In his overview of what’s happening with regards to data privacy and machine learning, Foreman depressingly provides two options as a response to the collection, aggregation, and analysis of our data. One of them is, as he argues, nothing more than a sugar pill. Consumers can either choose to complacently accept this inevitable, rampant stockpiling of information about themselves, or they can “be original” for a little while.
His two illusory, pessimistic options are actually just a single choice. But there is, at least, one other option for humanity, and that is to fight it. So, what is the decision we’re making right now? That decision is to be complacent with the current state of affairs, and to enjoy it’s tangible benefits.
The convenience of having the machine decide what we want is too great. The general tendency for humans is towards laziness. When Edward Snowden first unveiled the various activities being conducted by the US and other country governments, the initial reaction was ultimately divided. Many were cheering, or even just OK with such programs being in place. Others were in an outrage and disgusted. There are still some who feel just as strongly as they did the day the news reached their ears. But, as I’ve asked above, what has the public ultimately done about it? The answer: nothing much.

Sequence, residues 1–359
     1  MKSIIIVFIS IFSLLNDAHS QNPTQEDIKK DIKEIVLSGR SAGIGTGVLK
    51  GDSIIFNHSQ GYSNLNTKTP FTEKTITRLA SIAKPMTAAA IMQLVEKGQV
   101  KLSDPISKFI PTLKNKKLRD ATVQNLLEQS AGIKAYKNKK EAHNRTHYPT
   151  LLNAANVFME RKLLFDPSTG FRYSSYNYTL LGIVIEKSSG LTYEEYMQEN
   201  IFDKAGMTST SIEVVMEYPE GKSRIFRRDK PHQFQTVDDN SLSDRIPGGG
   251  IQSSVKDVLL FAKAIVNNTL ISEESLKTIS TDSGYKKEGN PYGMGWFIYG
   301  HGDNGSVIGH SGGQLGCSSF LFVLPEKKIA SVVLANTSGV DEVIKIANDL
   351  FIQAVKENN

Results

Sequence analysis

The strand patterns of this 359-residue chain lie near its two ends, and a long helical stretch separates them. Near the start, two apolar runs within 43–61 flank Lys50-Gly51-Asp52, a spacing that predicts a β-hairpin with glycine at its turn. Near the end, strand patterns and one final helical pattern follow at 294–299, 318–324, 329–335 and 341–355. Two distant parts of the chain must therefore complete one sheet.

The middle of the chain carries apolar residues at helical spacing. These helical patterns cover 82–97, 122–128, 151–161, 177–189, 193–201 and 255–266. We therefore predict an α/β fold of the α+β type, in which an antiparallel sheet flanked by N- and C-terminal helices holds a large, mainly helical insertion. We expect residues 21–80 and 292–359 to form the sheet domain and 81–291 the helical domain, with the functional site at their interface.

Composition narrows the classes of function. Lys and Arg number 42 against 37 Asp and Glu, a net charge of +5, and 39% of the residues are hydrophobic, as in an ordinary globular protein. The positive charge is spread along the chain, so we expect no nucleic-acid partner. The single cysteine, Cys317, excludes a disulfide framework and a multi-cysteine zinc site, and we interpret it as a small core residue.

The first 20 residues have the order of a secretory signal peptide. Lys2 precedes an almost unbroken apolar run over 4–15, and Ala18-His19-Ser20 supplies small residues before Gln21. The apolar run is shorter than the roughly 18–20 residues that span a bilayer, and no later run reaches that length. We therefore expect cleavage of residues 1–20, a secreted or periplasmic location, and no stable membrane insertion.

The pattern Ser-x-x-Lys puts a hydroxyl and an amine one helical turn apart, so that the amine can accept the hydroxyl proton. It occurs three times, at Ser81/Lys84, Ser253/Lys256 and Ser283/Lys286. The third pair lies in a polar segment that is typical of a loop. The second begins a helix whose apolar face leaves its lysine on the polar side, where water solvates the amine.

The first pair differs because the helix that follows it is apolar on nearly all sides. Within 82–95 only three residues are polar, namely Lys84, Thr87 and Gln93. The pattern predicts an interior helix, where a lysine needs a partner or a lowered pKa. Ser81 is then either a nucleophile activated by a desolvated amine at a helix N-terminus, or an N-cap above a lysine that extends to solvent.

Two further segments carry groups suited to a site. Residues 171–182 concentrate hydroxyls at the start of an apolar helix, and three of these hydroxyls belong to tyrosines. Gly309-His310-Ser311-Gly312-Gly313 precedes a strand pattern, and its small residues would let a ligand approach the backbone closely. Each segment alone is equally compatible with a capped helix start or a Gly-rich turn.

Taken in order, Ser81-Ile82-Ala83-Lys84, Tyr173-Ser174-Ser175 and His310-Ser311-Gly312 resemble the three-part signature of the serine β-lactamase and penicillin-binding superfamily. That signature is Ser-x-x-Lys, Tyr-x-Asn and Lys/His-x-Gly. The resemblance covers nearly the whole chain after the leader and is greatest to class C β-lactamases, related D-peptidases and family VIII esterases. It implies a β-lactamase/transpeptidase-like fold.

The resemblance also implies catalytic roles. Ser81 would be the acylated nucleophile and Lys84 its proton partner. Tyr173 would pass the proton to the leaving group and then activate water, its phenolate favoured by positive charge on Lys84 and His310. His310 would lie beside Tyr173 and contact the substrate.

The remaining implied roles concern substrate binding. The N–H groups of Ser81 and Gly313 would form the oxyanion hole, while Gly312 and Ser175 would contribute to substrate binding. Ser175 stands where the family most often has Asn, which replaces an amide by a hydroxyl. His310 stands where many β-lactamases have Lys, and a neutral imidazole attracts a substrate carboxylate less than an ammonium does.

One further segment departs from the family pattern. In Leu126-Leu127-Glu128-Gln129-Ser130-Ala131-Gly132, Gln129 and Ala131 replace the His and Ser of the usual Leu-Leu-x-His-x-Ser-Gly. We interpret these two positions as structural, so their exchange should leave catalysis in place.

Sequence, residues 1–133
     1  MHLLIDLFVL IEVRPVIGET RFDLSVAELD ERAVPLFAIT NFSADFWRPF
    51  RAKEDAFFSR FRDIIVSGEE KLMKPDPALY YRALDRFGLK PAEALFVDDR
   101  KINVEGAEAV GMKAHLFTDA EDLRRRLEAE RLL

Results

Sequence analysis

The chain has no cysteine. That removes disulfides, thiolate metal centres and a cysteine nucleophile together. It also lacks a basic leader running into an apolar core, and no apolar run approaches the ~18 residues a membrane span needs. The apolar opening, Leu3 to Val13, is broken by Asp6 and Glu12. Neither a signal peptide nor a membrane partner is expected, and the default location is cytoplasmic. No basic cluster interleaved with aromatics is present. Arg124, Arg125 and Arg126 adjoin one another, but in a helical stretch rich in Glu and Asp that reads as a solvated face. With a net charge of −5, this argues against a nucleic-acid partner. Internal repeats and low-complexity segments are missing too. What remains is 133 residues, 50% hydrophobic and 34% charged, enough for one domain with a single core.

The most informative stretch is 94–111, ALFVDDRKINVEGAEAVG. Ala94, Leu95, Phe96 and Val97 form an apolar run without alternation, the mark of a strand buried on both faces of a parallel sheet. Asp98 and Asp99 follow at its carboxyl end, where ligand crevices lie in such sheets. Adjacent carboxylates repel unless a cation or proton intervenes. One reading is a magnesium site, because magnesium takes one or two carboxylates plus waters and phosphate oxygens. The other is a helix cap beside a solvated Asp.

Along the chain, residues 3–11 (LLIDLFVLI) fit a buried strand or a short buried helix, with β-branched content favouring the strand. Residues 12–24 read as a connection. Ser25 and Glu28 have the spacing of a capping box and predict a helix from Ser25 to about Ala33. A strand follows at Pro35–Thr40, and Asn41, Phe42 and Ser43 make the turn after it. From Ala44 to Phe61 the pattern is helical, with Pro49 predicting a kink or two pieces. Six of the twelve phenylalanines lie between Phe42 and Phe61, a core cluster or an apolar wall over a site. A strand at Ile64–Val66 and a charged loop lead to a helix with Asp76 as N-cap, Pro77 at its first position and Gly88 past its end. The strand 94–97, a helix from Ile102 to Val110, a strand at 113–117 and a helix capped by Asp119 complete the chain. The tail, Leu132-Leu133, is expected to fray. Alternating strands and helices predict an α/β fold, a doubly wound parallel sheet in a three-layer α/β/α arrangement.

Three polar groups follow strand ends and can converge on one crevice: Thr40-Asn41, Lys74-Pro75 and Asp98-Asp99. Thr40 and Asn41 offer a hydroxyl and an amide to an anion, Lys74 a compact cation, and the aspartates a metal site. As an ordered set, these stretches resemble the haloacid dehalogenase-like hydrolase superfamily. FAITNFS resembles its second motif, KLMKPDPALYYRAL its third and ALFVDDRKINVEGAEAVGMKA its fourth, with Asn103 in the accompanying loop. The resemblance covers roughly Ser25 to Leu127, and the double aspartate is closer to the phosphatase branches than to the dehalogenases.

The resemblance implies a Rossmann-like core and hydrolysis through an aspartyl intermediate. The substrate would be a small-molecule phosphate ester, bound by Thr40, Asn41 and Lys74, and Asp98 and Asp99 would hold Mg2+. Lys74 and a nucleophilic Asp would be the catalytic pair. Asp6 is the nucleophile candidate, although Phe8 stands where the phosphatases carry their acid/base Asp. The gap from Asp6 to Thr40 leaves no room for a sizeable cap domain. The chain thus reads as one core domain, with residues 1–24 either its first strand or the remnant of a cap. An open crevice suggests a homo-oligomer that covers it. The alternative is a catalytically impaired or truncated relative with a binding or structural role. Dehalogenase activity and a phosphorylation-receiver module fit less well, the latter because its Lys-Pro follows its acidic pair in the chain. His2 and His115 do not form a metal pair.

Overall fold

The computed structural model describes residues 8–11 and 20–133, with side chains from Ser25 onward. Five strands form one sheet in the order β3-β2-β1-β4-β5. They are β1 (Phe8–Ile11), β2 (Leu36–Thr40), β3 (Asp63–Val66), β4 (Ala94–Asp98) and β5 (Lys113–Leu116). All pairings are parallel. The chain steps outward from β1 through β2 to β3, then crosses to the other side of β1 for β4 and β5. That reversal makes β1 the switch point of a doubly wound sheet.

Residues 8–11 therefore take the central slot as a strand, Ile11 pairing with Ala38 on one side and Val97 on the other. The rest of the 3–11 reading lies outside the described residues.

Even amid buzz that Google and Apple were complying with these programs behind the scenes (something I find unlikely), I’d be interested to see how many actually had a reactionary response to it. How many stopped using Facebook? Anyone deleted their Google account? Are you still using an iPhone? Did you encrypt your Android phone?
The point that I’ve been trying to make is that data privacy doesn’t really matter to (most of) us. I, ironically, found this comic while browsing Google+.
We’re not really complaining about our privacy on the Internet, nor are we concerned about who’s watching what we buy at Target. Saying that it’s “creepy” is not doing something about it. Sounds like inaction to me.